The CHPL_DEVELOPER environment variable

It is strongly recommended that all Chapel development work be done with CHPL_DEVELOPER set by default (to any non-empty value, e.g. true). In particular, all code that is committed should be able to be built with CHPL_DEVELOPER is set; otherwise, that code is considered to break the build.

Setting CHPL_DEVELOPER has a number of impacts on how things behave, most of which are set up to serve the typical developer as best possible. In particular:

  1. When building the compiler and runtime, it causes:

    1. debugging to be turned on

    2. computation of dependences to be turned on

    3. optimizations to be turned off

    4. a number of warnings to be turned on with the goal of making our code as portable and bulletproof as possible

  2. When doing make clean on the compiler, it causes intermediate files generated by compiling the chapel.y and chapel.lex files to be deleted. We don’t delete these for end-users in case they don’t have flex/bison installed.

  3. Performs sanity checks while building the compiler like checking to see whether we’ve accidentally #included any old-style C headers rather than their snazzy new C++ equivalents. (That may currently be the only one; others have existed in the past).

  4. Builds an emacs TAGS and BROWSE file for the compiler and a TAGS file for the runtime. (Note: it seems we currently do this whether or not CHPL_DEVELOPER is set, though this seems inappropriate… We should fix this).

  5. Turns on --devel by default when invoking the chpl compiler. This in turn has the following effects:

    1. Prints out hidden developer flags when invoking chpl --help (these flags are equally available to developers and non-developers

    2. Causes internal errors to not be obfuscated as they are for an end-user.

    3. Causes error messages printed by the compiler to have the compiler filename: line# to be postfixed to the error message itself.

    4. Permits filename: line# information that is printed for execution-time errors in the user code to refer to internal modules rather than trying to hide this from the end-user by always pointing to the most recent call in their code.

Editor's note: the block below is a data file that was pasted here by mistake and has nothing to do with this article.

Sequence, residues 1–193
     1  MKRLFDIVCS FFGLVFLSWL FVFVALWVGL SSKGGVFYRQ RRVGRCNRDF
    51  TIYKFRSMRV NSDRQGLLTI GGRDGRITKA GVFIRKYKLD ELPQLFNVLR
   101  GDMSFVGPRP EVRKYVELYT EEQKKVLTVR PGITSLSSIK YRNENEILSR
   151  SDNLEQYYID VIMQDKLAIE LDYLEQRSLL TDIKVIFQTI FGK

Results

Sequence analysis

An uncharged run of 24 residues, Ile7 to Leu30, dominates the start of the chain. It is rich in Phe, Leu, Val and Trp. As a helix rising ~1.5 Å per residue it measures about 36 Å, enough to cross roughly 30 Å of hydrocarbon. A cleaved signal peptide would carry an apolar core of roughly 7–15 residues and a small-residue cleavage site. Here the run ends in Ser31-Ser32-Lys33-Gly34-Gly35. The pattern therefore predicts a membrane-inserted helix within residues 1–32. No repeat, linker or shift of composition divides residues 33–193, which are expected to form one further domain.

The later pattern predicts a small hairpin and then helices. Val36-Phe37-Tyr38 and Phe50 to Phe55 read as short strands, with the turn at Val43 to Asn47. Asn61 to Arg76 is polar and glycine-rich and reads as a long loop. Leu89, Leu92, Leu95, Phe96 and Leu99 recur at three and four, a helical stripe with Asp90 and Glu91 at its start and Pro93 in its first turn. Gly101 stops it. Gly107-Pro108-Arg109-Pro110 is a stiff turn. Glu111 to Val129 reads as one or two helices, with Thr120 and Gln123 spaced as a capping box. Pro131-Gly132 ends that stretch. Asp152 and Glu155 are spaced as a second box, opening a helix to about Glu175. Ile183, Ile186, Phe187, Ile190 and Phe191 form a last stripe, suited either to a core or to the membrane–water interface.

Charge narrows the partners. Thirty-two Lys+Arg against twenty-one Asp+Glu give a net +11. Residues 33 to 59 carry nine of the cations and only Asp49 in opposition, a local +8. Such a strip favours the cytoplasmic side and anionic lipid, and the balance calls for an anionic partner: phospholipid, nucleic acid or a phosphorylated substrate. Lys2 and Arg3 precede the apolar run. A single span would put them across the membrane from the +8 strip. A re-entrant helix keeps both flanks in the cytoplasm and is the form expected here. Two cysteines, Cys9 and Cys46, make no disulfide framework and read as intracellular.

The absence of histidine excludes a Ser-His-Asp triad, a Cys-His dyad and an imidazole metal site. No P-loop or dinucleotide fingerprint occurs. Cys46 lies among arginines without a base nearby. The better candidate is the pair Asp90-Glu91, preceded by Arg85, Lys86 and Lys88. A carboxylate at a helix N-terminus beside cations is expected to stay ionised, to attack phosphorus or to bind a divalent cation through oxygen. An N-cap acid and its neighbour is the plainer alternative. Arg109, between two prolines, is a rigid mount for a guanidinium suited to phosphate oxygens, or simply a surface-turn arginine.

5. Causes TAGS files to be generated when compiling with the --savec flag to index the generated code in addition to the runtime sources.

    6. Turns on --cc-warnings by default. This generates warnings in the generated C code (with the intention that we get rid of them).

    7. Turns on --no-cpp-lines by default. This squashes the generation of C preprocessor #line directives in the generated code (which are used for end-users to fool tools into reporting things in terms of Chapel source line numbers).

    8. Causes internal modules to be printed out when compiling with the --print-module-files flag.

    9. Prints a greater amount of instantiation information when function resolution is printing candidate functions in the case of an error (?).

    10. Causes the --report-optimized-on flag to describe optimizations in internal and standard modules in addition to user modules.

    11. Prints out a 4-point version number even if the revision number is 0 (indicating an official release)


  • --devel can always be invoked manually on the compiler instead of setting the environment variable; similarly, --no-devel can be used to override the default implied by the presence of the environment variable.

  • the start_test script will always unset CHPL_DEVELOPER to ensure that the testing system is running from an end-user perspective and not from a developer perspective.

  • the nightly script used to run cron jobs does not set CHPL_DEVELOPER. Instead, it sets WARNINGS=1, DEBUG=0, and OPTIMIZE=1 when calling make.